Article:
The kit includes a magnificent pre-painted PE set for the instrument panel.   Instrument details are on a separate acetate sheet which shows through the holes in the panel.   However, the instrument panel sits within a fairly simple cockpit tub that is rather lacking in detail.   This was easily detailed from photographs by adding some switches from wire, (drill a series of small holes, feed wire through and glue from behind, then trim very short when all holes have been filled), as well as canopy runners inside the coaming.   The resin seat is well detailed but appears to be for a T-33 rather than an F-80, though I could be wrong.  

 

 

More importantly, the seat is a bit short so the headrest looks far too low once fitted unless the seat is raised about 3mm.   Use trial and error before adding the footrests to the bottom of the seat.   I actually chose to correct both these problems by using an after-market resin seat from AMS Resin.   AMS Resin make a magnificent cockpit set for those so inclined – but I was too far gone to use the full set.   Canopy tracks and an actuating ram were also added to the fuselage top just behind the seat.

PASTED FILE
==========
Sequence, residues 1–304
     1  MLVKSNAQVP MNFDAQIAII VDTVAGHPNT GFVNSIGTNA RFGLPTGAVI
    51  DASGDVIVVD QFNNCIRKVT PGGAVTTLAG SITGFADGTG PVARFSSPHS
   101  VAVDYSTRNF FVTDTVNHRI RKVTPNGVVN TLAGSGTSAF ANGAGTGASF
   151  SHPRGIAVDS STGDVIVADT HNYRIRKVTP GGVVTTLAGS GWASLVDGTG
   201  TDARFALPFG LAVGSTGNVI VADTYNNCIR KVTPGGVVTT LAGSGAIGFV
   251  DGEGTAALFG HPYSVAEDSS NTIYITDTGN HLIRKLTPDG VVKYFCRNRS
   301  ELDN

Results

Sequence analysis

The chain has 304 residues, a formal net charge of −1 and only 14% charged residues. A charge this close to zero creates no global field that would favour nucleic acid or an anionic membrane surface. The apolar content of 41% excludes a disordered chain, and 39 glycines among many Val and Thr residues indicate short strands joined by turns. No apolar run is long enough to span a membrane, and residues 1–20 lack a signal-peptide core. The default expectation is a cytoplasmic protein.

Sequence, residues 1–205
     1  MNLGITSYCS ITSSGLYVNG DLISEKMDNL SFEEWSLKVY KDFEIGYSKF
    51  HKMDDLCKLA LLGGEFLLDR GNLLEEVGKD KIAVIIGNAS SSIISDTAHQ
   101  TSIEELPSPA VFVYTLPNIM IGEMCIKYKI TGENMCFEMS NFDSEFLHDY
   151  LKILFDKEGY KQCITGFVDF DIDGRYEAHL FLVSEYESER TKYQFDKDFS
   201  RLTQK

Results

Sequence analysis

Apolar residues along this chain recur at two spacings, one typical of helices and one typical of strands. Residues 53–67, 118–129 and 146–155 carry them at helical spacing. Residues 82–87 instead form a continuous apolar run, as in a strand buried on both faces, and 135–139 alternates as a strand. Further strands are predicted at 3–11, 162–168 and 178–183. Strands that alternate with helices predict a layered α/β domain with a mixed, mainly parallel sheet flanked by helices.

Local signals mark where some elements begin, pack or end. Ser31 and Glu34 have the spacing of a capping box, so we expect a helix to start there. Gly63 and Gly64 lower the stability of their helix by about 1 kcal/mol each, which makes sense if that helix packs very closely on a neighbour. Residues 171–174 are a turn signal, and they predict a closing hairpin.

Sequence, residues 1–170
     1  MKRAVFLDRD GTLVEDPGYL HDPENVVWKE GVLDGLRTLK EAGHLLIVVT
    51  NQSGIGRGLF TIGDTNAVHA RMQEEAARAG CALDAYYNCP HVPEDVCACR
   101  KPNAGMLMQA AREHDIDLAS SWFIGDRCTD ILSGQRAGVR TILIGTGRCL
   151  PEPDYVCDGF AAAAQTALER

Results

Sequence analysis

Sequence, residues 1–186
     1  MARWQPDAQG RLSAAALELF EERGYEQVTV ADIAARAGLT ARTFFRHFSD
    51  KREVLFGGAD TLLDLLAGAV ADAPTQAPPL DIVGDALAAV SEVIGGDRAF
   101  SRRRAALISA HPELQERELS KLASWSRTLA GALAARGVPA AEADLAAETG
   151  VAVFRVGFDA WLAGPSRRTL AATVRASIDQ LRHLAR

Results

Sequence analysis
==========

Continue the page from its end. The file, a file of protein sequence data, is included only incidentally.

Windscreen Position

In looking at several side-on photos, something looked out of place in the nose area.   After much consideration, I noted that photos and drawings show the rear edge of the windscreen to be about level with the rear-most part of the air intake opening.   However, as moulded, the kit forces the windscreen to be placed further forward.   The fore and aft position of the actual cockpit opening appears about right, but the tapered sides near the front of the opening  flare outward to full cockpit width in too short a distance, forcing the windscreen to be incorrectly positioned further forward.   I therefore corrected this by adding wedges of scrap plastic beneath the sides of the windscreen, allowing it to be positioned further aft.  

 

 

The accompanying pictures explain this much better than trying to describe the solution.   In the final stages of construction I moved the gun sight back by the same amount.   However, if you disagree, please ignore the advice.


 

Undercarriage and Wheel Wells